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Birmingham’s Perspective on Religious Divides

(Left to right): Zeenat Rahman, Rev. Dr. Kelly Brown Douglas, and Rabbi Jonah Dov Pesner during the "Religious Perspectives on Bridging Racial & Faith Divides" event Monday night at Sixteenth Street Baptist Church (Ameera Steward, The Birmingham Times)
By Ameera Steward
The Birmingham Times

Blacks and whites from around the metro area gathered for a conversation on race and religion at Sixteenth Street Baptist Church on Monday during the “Bridging Religious Divides: A Local Perspective from Birmingham” event held by the Aspen Institute Inclusive America Project and the Community Foundation of Greater Birmingham (CFGB).

The program director for the Aspen Institute, Zeenat Rahman, moderated a conversation with Rev. Dr. Kelly Brown Douglas, of Union Theological Seminary and Washington National Cathedral and Rabbi Jonah Dov Pesner, of the Religious Action Center of Reform Judaism in a panel-like format. Rahman asked why each was in Birmingham.

Pesner said he was there for all of the Jews who marched 50-plus years ago with Dr. Martin Luther King Jr.

“We, Jews, did not start marching 50 years ago in Selma [during the Civil Rights Movement], we started marching 5,000 years ago when we came out of Egypt and we will march for 5,000 more years if that’s what it takes to bring on justice,” he said.

Douglas told a story about how she and her 26-year-old watched Netflix’s “When They See Us” together from different states engaging in conversation through text. Each of his texts was distressing as he expressed his own stress about what’s going on, she said.

“When They See Us” is a series based on events of the 1989 Central Park jogger case in New York City that explores the lives of the five male suspects who were wrongly accused and prosecuted on charges related to the rape and assault of a white woman. The males were known as the Central Park 5.

“I’m here because I want to make sure that…the world is better for my son, his children, that he doesn’t become a Central Park 5, that we don’t have more four little girls who were bombed. I do this work for our children and so that they inherit it from us.”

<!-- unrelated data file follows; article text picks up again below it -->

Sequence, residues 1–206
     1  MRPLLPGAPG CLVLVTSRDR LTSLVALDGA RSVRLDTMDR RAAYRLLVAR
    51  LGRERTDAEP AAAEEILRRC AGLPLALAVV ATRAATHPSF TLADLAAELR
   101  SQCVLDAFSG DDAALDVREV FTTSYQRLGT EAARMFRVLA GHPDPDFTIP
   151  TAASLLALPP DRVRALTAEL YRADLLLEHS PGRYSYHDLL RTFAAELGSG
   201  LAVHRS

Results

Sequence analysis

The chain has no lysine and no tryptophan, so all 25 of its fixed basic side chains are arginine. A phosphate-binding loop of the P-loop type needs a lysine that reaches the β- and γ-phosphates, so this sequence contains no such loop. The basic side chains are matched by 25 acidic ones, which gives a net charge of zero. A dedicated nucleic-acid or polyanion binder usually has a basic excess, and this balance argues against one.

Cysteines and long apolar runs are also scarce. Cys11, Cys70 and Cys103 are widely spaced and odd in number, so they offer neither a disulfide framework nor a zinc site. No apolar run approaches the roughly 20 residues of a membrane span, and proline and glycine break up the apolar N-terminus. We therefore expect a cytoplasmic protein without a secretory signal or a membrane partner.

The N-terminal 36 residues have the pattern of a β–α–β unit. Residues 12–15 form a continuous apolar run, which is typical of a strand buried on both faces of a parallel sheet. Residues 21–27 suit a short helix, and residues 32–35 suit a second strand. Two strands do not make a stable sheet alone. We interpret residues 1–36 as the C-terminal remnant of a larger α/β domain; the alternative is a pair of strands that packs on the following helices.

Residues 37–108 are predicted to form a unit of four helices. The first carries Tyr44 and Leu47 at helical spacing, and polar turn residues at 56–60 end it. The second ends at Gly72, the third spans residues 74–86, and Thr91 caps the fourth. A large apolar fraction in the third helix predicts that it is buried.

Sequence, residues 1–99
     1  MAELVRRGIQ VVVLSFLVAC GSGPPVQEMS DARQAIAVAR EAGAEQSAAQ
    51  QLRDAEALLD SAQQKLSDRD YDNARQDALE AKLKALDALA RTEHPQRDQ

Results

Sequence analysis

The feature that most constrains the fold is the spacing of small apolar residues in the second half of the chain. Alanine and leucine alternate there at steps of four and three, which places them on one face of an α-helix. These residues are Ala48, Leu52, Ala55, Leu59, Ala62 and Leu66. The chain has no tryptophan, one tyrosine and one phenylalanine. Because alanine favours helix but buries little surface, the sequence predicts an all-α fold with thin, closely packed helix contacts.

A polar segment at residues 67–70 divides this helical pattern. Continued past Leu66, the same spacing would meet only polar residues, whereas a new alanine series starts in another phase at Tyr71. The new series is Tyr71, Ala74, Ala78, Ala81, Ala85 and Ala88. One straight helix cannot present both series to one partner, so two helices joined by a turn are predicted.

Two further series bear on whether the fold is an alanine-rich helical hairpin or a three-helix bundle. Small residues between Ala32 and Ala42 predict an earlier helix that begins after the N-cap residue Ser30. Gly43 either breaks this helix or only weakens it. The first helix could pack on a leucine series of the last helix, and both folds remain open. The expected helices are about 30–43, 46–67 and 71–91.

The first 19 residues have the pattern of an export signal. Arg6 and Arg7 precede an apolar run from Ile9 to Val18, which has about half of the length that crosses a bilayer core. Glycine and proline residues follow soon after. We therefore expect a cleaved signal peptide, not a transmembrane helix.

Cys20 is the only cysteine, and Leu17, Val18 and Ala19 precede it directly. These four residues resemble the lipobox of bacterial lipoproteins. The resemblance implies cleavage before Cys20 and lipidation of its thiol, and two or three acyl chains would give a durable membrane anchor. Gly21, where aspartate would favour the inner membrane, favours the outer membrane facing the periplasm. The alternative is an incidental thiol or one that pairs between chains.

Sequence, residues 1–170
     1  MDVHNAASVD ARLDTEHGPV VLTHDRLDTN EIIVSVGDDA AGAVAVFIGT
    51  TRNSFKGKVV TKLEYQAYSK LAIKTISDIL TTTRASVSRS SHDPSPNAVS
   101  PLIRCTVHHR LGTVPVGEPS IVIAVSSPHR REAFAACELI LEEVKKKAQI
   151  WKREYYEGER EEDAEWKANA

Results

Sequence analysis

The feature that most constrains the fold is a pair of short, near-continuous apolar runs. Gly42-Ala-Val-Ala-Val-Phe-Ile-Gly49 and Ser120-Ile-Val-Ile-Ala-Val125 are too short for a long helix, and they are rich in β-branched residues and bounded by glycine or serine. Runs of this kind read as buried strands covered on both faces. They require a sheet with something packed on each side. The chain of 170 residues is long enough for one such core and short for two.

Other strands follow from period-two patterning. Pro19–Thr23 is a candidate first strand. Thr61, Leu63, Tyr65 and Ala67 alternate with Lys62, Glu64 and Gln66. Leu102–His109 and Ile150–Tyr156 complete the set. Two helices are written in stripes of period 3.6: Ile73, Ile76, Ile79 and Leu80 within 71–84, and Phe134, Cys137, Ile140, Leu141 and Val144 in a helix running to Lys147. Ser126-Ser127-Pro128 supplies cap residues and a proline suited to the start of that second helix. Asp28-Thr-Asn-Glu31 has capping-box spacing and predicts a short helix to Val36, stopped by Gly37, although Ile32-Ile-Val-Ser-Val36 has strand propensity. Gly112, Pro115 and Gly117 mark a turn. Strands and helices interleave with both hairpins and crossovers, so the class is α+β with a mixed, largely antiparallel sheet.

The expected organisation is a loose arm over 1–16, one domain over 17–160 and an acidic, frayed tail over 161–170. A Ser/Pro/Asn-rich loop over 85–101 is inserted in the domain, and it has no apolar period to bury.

Rahman then asked Douglas and Pesner how they worked to create what Dr. King called the beloved community of justice, healing and reconciliation.

Douglas said she is from the Christian-faith tradition “in which we believe in a Savior that was crucified and I always say to those in my faith community and my tribe, that ought to matter and that ought to make a difference.”

She added that Jesus wasn’t crucified because He prayed too much, He was crucified because He witnessed for something and witnessed against something in His life, in His ministry and all that He stood for. “He witnessed a place where He describes the first will be last and the last will be first. You won’t be able to see the difference,” she said, “all will be treated as the scared children of God that they are regardless, everyone will be treated equally. That’s the just future.”

Pesner said the Jewish community tells itself every year “’we were slaves in Egypt, we were freed and therefore we are to love the stranger,’ it’s…the most often repeated commandment in The Torah . . . God says you should love the stranger, identify with the most oppressed…because you, yourselves were the most oppressed . . . we’ve come obviously a long way since the civil rights era, 1.3 black men in America go to jail while one in 17 white men go to jail – that’s mass incarceration… and I ask my Jewish family, where are we? Are we actually showing up in the way that we [are] commanded 36 different times in the Torah?”

Those in attendance included Mayor Randall Woodfin, Rev. Arthur Price Jr. pastor of Sixteenth Street Baptist Church, and Rev. Dr. Christopher M. Hamlin pastor of Tabernacle Baptist Church.

Woodfin said it should not be a surprise that “this very important conversation about bridging racial and faith divides is occurring right here, a spot, a church revered as ground zero for social change in this country.”

“Without question our city, Birmingham, we’re miles and miles ahead from where we were thanks to the previous generation of fearless activists, but there are still more roads to travel, more barriers to break down and that’s the spirit of this evening’s event,” said Woodfin. “And I know we’ll get there because of the people in this room, because of the people in this community, because of the people in this city.”

He added that we have a lot of work ahead of us “but I believe we are in the right place to make it happen.”

The Aspen Institute is an educational and policy studies organization based in Washington, D.C. Its mission is to foster leadership based on enduring values and to provide a nonpartisan venue for dealing with critical issues.

The Community Foundation leverages gifts and bequests from many people to drive positive change, bring people together to address community issues, build on opportunities and achieve measurable results, and work in partnership with others to improve the life of the local region.

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